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Configuring your Privacy Computation Engine

For the PCE to give you recommended actions adapted to your specific architecture and needs, you first need to configure it via its configuration API.

This API allows you to define:

  • General information about your Organization and its' data processing policies (Equivalent to a RoPA - Record of Processing Activities)
  • Mappings of your data structures to PRIV Data Categories
  • Few choices you have to make about when to authenticate the user (before or after they make a Privacy Request), and when to deliver automatic responses and when to wait for validation

General Information


General information can be set in the PCE using PUT /configure/general-info, retrieved using GET /configure/general-info, as detailed in the related GeneralInformation schema.

Your audience needs access to the full picture of your organization's data processing policies easily and at all times. Not only because it is a legal requirement, but also and more importantly because people need such information to trust your organization enough so they can give you access to their sensitive data.


Article 30 of the GDPR requires controllers and their representatives to maintain a precise information set called Record of Processing Activities (ROPA).

Configuring the general information in the Privacy Computation Engine helps your organization to meet this requirement by using other components of the DevKit (e.g. interfaces).

While such information is mostly composed of a set of static text, it can rapidly get difficult to maintain. Moreover, transforming such data into intelligible and unambiguous content for your audience isn't straightforward.

Here, using the blindnet devkit can greatly help you to solve both problems:

  1. the PCE infers as many pieces of information as possible to minimize the volume of data to configure and maintain
  2. other components of the devkit are here to provide such data to the user in an intelligible form without extensive implementation effort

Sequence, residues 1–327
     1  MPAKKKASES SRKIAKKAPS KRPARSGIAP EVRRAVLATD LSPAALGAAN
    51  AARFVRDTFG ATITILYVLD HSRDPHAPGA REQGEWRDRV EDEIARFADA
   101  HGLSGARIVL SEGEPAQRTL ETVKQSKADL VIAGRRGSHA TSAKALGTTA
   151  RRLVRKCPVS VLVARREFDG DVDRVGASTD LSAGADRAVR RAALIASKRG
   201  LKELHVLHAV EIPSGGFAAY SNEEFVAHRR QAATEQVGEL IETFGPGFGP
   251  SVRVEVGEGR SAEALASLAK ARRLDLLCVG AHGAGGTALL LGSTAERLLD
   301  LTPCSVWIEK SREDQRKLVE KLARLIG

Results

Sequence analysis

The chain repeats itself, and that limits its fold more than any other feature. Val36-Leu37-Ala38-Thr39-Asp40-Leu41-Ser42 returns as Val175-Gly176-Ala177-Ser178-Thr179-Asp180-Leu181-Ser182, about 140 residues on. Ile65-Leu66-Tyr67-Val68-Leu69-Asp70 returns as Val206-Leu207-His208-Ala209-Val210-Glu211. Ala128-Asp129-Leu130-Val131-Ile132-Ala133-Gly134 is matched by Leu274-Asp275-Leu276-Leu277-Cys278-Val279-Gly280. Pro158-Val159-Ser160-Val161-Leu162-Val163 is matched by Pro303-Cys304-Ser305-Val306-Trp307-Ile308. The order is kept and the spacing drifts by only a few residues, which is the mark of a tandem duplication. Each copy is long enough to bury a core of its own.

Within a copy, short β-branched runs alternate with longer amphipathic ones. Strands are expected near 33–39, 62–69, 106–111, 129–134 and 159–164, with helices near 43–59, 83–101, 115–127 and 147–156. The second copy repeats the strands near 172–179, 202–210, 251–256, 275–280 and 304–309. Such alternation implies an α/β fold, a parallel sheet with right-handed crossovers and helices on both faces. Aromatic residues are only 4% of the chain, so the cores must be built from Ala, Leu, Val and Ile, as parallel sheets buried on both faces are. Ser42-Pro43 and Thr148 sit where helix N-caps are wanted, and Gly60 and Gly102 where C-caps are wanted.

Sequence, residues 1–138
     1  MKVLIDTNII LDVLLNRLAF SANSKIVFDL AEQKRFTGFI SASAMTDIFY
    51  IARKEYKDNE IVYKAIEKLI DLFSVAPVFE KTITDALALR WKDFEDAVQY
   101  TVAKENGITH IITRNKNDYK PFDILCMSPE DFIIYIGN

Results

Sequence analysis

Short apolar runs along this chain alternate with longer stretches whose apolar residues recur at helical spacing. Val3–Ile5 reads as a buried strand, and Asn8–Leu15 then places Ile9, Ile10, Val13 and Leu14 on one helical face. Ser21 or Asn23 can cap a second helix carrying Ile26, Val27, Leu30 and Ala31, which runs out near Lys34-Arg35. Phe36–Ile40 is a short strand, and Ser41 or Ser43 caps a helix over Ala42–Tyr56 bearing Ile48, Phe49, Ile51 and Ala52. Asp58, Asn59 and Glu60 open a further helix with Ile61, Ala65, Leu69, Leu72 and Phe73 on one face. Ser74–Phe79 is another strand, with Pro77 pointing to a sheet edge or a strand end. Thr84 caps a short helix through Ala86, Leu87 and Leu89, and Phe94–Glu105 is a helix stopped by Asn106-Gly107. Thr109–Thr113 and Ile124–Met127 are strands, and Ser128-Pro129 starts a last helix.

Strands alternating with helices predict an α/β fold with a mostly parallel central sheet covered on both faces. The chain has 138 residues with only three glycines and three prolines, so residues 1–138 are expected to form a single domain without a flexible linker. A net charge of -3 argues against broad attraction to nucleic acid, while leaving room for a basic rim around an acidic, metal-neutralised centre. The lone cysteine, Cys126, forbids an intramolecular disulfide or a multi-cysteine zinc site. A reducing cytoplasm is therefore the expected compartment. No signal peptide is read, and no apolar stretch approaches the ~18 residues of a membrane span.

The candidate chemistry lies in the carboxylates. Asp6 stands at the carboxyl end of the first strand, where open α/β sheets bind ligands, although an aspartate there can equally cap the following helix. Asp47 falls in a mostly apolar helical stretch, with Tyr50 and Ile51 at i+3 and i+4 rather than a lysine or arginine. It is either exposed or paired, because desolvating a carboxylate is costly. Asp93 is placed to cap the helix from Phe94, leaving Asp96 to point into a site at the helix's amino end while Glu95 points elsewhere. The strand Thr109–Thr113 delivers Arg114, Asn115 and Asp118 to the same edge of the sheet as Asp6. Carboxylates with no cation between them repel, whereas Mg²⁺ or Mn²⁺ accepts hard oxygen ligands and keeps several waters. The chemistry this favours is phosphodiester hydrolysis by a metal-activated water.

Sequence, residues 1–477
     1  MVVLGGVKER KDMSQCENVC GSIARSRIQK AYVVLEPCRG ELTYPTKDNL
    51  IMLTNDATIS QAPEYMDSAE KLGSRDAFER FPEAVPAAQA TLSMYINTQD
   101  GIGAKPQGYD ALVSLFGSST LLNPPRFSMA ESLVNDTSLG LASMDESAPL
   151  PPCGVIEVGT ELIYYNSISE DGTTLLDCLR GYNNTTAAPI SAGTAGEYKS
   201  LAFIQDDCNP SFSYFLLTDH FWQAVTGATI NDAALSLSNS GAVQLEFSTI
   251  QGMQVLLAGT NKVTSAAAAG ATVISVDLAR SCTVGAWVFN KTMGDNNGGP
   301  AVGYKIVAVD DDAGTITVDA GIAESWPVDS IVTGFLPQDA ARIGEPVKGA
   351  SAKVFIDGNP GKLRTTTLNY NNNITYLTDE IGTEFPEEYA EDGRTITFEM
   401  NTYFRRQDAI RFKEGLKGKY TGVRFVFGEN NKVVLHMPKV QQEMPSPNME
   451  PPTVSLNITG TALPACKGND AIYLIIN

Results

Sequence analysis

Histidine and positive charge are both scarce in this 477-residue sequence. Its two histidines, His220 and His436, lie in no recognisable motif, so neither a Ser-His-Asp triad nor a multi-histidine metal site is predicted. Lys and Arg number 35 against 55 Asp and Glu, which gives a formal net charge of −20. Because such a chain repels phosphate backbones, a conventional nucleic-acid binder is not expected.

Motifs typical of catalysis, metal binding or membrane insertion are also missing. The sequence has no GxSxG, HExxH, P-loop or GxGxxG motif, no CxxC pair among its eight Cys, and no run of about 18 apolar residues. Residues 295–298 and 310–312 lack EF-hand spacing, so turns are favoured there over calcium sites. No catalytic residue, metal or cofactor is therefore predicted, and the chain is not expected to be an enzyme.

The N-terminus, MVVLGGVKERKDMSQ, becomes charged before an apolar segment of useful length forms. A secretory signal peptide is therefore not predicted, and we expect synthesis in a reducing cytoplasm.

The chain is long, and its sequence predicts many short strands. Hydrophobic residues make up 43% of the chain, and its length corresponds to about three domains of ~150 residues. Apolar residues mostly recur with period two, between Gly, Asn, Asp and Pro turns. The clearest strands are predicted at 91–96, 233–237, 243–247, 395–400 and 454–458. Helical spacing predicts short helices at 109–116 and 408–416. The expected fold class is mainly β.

This general information describes the entities legislatively responsible for sensitive data and privacy-rights protection. Therefore, it shouldn't necessarily represent only your organization if you are processing sensitive data on behalf of others.

For example, the organization field holds information about the organization processing the data and its representative, be it your organization or your organization and the organization(s) on behalf of which you are processing data.

The same logic applies to the dpo field, which holds information about your DPO or the DPO(s) of the organization(s) on behalf of which you are processing data.



Selectors can be set in the PCE using PUT /configure/selectors as detailed in the related CreateSelectorPayload schema.

Sensitive data you capture on a regular base can often be complex to categorize.

The blindnet devkit gives you a clear set of data categories you can use to qualify collected sensitive data for efficient privacy management.

A selector can be defined as a subcategory of any of these data categories, using dot notation, to qualify any captured data.

For example, you can define a FINANCIAL.BANK-ACCOUNT.IBAN, as a subcategory of the predefined FINANCIAL.BANK-ACCOUNT category, to identify and retrieve an IBAN number collected for regular payment.

Refer to the definition of Data Capture Fragments in PRIV for more details.


Each selector is defined by its full dot notation ({data_category}.{subcategory}).

Using just {subcategory} will lead to an error.

{subcategory} can however be optional, as any data category can be used as a selector.


Legal Bases can be set in the PCE using PUT /configure/legal-bases, retrieved using GET /configure/legal-bases, as detailed in the related CreateLegalBasePayload schema.

Both law and your users require any capture of sensitive data and any manipulation of such data to be clearly justified. In other words, you need to define and expose a legitimate (i.e. legal) foundation (i.e. base) before conducting any operation on sensitive data. You need, at all times, to record and explain why you need to conduct such operations.